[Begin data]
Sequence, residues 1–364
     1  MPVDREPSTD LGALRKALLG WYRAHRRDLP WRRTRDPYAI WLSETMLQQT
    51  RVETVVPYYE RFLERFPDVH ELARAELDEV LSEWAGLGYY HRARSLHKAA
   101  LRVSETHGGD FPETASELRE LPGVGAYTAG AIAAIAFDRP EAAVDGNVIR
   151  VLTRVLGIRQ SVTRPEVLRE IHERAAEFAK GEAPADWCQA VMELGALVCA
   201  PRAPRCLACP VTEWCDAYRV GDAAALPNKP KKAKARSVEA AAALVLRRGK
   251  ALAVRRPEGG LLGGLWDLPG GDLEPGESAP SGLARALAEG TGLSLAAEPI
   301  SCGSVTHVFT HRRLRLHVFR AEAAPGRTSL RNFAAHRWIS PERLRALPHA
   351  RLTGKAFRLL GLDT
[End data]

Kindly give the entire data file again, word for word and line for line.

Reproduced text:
Sequence, residues 1–364
     1  MPVDREPSTD LGALRKALLG WYRAHRRDLP WRRTRDPYAI WLSETMLQQT
    51  RVETVVPYYE RFLERFPDVH ELARAELDEV LSEWAGLGYY HRARSLHKAA
   101  LRVSETHGGD FPETASELRE LPGVGAYTAG AIAAIAFDRP EAAVDGNVIR
   151  VLTRVLGIRQ SVTRPEVLRE IHERAAEFAK GEAPADWCQA VMELGALVCA
   201  PRAPRCLACP VTEWCDAYRV GDAAALPNKP KKAKARSVEA AAALVLRRGK
   251  ALAVRRPEGG LLGGLWDLPG GDLEPGESAP SGLARALAEG TGLSLAAEPI
   301  SCGSVTHVFT HRRLRLHVFR AEAAPGRTSL RNFAAHRWIS PERLRALPHA
   351  RLTGKAFRLL GLDT